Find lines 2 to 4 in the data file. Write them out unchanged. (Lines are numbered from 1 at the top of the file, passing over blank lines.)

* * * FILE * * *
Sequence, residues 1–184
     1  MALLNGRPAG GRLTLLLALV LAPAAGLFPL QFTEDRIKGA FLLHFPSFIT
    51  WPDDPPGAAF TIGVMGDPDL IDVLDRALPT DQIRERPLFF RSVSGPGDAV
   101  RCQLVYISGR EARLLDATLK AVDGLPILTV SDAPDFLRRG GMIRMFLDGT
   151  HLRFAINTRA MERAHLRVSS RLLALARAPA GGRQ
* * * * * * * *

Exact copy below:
     1  MALLNGRPAG GRLTLLLALV LAPAAGLFPL QFTEDRIKGA FLLHFPSFIT
    51  WPDDPPGAAF TIGVMGDPDL IDVLDRALPT DQIRERPLFF RSVSGPGDAV
   101  RCQLVYISGR EARLLDATLK AVDGLPILTV SDAPDFLRRG GMIRMFLDGT